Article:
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on the rocks

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1

Ruined, spoiled, as in Six months after the wedding, their marriage was on the rocks. This expression, alluding to a ship running aground on rocks and breaking apart, has been used figuratively for other disasters since the late 1800s.

2

Served over ice only, as in He always drinks whiskey on the rocks. The “rocks” here are the ice cubes. [Mid-1900s]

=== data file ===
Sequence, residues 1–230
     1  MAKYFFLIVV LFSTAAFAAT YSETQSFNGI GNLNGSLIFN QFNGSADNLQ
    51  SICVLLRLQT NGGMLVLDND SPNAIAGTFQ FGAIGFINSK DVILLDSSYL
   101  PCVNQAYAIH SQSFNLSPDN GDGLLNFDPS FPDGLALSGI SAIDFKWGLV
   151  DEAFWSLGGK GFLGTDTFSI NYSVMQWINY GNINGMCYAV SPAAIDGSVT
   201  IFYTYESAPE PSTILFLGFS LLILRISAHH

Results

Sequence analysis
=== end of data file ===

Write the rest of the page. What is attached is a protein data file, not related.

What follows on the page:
3

Destitute, bankrupt, as in Can I borrow next month's rent? I'm on the rocks. This usage, from the late 1800s, is heard more often in Britain than America.

QUIZ
QUIZ YOURSELF ON "WAS" VS. "WERE"!
Were you ready for a quiz on this topic? Well, here it is! See how well you can differentiate between the uses of "was" vs. "were" in this quiz.
Question 1 of 7
“Was” is used for the indicative past tense of “to be,” and “were” is only used for the subjunctive past tense.
The American Heritage® Idioms Dictionary Copyright © 2002, 2001, 1995 by Houghton Mifflin Harcourt Publishing Company. Published by Houghton Mifflin Harcourt Publishing Company.

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